What can I expect from the egg freezing process?

Egg Freezing Process

It’s a fact that New Zealanders are starting to have children later in their lives than in previous years. What hasn’t changed however, is that your fertility declines as you age. While social reasons aren’t the only possible cause for pursuing egg freezing, they are becoming more common motivators.

Back in 2014, both Apple and Facebook brought egg freezing to the forefront when they announced they would pay for their female employees who chose to undergo the procedure, as a strategy to attract more women workers.

For any person who has felt the dilemma between making the most of prime working and living years while also desiring a family, it is likely that egg freezing has crossed their mind.

But what exactly can you expect from the egg freezing process and what does it entail?


The egg freezing procedure

The first step in the egg freezing process is to undergo hormonal ovarian stimulation to increase the number of eggs that can be harvested.

The hormones are usually injected daily for up to 12 days and the growth of follicles is monitored during this time with several blood tests and ultrasound scans.

Retrieval of the eggs from the ovaries is performed by the Repromed Doctor using an ultrasound probe that is inserted into the vagina.

The procedure takes about 20 minutes and is done using a light sedation so the person can return home after a couple hours of recovery.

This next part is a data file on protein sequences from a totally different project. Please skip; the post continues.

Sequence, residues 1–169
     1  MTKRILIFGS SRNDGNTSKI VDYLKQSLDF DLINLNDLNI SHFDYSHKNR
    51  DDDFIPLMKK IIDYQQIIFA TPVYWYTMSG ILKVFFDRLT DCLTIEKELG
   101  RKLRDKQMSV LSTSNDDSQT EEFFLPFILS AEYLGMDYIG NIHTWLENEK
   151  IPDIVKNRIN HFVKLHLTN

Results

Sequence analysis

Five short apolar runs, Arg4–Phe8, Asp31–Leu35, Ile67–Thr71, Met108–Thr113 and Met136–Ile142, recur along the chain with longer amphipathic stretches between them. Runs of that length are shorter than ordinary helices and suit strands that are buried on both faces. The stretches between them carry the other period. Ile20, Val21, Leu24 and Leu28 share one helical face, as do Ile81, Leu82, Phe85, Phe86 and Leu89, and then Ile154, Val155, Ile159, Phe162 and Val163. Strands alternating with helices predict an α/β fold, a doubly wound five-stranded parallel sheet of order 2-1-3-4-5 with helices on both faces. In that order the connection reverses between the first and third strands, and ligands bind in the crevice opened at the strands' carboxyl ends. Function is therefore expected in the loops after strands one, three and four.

The aim is to retrieve as many mature eggs as possible but the actual number depends on a variety of factors including age.

Of the retrieved eggs, only the mature ones are suitable for freezing and thus not all eggs retrieved will necessarily be frozen.

Mature eggs are treated with a cryo-protective solution and then frozen rapidly in a procedure called vitrification.

After freezing, eggs can be stored indefinitely.


What role does age play?

Just as increasing age makes it more challenging for women to conceive naturally, it also has an influence on the success of egg freezing.

There may be less eggs available for harvest in older women and it might also take more frozen eggs to achieve pregnancy later on. It is therefore best to freeze eggs when the person is in their 20s and early 30s.

At Repromed, we recommend having 20 eggs frozen to give the best chance of success, as we expect 75% of the eggs to survive the thawing process.

Depending on the person’s age and how well they responds to the fertility drugs, this may require one to three rounds of treatment. You can learn more about the success factors here.


Get in touch

If you want to learn more about egg freezing and whether it’s right for you, you can book in for a free 15 minute phone consultation. Get in touch today.

Megan Black

Nurse Manager


Megan leads the nursing team through the continually changing face of IVF. She works in a multidisciplinary team, providing the essential organization between the doctors and laboratory and ensuring communication between all departments.

Megan started her IVF nursing career in the United Kingdom, working in two large London clinic’s before returning to New Zealand. She is also the Secretary of Fertility Nurses of Australasia.

I love working with people and see nursing as a vocation, not a job. I usually spend my downtime absorbed in a good book and planning my next travel adventure.